Azerbaijan: Peacebuilding for Women

Training, mentorship and network-building contribute to creating a more equal and inclusive society.

Azerbaijan: Peacebuilding for Women

Training, mentorship and network-building contribute to creating a more equal and inclusive society.

Thursday, 19 January, 2023


Institute for War & Peace Reporting

A peacebuilding toolkit for young women and feminist activists, based on the shared experience of Azerbaijani and Armenian cross-border initiatives, aims to empower them to build a more equal and inclusive society.

In both countries, most young women have grown up during war with little recollection of past coexistence. Although they are often the most affected by the propaganda of prejudice and intolerance, they are nonetheless future agents of change for their families and communities.

"I want to do something for our community.”

Under IWPR’s BREN project, the Young Women Peace Academy (YWPA) is creating a network of Azerbaijani peacebuilders with opportunities to meet stakeholders and policy makers as well as to create advocacy campaigns.

“When I got acquainted with the programme, met other girls, studied with interesting mentors, for me the word "peace" acquired a different meaning,” said one young participant. “I understood - first of all, you need to build peace with yourself, then there should be peace on a personal level in the family, among friends. And only after that we can talk about peace and harmony in society, and I find this approach very interesting.

“Now for me the word peace is not something far away, but something that I can build for myself and my loved ones. For this I need knowledge, skills, motivation and support. The latter is the most important condition, because it is very important for me to feel that I am not alone.”

YWPA interviewed activists and scholars working on women, peace and security, such as Arzu Abdullayeva, Ali Abbasov, Zardusht Alizadeh, Rahman Badalov and Togrul Juvarly, to include real life stories and experiences in the toolkit. Several interviews were also conducted with peace activists in Georgia engaged in Azerbaijan-Armenian negotiations including Julia Kharashvili and Elena Rusetskaya.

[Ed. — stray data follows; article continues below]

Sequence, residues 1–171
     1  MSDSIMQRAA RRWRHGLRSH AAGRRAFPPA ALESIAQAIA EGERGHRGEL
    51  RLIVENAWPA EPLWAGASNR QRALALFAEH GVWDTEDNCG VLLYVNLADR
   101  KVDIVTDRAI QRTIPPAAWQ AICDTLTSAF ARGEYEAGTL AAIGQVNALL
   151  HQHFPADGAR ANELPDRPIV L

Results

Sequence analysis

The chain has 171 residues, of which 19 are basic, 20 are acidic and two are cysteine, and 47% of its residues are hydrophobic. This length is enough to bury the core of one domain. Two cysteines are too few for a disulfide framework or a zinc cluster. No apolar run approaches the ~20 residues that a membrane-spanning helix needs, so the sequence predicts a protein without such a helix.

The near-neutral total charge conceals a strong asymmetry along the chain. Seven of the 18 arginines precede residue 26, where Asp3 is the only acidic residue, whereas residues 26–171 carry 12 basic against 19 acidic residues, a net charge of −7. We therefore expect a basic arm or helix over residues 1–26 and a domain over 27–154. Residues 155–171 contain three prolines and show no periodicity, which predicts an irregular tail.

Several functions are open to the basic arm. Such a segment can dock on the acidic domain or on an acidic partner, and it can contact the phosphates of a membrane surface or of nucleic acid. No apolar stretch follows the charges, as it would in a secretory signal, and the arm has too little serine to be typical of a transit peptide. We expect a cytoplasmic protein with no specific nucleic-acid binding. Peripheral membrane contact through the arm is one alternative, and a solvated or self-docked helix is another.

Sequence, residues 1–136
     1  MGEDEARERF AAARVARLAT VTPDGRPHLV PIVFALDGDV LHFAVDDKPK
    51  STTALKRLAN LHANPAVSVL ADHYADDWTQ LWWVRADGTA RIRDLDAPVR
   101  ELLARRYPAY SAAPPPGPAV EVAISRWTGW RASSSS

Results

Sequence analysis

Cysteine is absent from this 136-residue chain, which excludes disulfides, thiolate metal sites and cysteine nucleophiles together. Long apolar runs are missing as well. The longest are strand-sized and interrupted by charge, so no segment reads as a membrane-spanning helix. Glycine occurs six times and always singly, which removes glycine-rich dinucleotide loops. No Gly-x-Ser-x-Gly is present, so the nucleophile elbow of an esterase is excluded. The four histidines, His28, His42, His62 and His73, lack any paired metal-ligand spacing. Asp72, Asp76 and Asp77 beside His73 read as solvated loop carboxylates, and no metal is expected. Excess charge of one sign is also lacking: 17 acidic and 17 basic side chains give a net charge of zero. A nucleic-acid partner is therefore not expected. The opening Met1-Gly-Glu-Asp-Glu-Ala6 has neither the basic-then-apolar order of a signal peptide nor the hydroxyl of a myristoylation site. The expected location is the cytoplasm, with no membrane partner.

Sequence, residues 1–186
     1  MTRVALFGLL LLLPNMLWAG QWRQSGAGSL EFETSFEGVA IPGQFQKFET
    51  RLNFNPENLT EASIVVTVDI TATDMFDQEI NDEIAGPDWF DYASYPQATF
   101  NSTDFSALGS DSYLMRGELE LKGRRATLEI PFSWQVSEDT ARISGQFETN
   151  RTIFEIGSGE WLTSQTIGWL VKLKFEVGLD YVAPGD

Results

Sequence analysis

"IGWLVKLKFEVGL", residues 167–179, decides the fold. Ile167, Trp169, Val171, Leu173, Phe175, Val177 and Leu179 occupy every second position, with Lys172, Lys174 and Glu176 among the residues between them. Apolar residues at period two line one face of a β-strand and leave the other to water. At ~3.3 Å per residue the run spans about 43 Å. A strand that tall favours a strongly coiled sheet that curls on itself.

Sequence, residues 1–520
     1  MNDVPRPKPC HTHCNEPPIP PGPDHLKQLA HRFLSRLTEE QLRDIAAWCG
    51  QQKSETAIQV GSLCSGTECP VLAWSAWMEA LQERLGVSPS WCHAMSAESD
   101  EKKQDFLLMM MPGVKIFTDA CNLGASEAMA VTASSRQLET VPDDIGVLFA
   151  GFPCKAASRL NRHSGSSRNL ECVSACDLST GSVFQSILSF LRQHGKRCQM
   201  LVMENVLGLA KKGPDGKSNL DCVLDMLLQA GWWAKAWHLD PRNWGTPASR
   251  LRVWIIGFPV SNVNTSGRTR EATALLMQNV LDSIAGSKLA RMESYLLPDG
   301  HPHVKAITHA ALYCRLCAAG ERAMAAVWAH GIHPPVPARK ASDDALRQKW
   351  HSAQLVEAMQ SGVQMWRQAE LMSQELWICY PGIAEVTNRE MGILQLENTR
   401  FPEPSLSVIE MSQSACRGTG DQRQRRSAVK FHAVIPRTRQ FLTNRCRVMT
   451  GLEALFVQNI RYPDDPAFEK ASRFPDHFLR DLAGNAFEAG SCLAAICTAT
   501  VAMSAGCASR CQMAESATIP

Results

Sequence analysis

Ahead of the publication of the feminist peacebuilding toolkit, YWPA began to engage young women and girls through training, mentorship and network-building.

“I like it when people talk to me as an equal, ask my opinion,” said one participant. “I would like there to be such an attitude towards young people in schools, at university and at home. I became interested in the social processes that are taking place in the country and I really like it. I want to do something for our community, but I don't know what exactly yet.”

She added, “Very often I am asked the question: why are you interested in all this, it is not a woman's business to get involved in politics and social activities. It makes me sad."

One mentor stressed that the project included essential aspects for peacebuilding – “education, self-education, the participation of proactive, educated and humane women”.

The veteran activist continued, “One of the goals of the project is to convey to the users of the toolkit and the listeners of the learning process that peacebuilding is not a competition in who is right and who is wrong, but cooperation to understand each other in search of ways to peace, which is so necessary for a decent human life.”

The Building Resilience in the Eastern Neighbourhood (BREN) project is supported by the Conflict, Stability and Security Fund of the United Kingdom and is implemented in partnership with the Global Network of Women Peacebuilders (GNWP).

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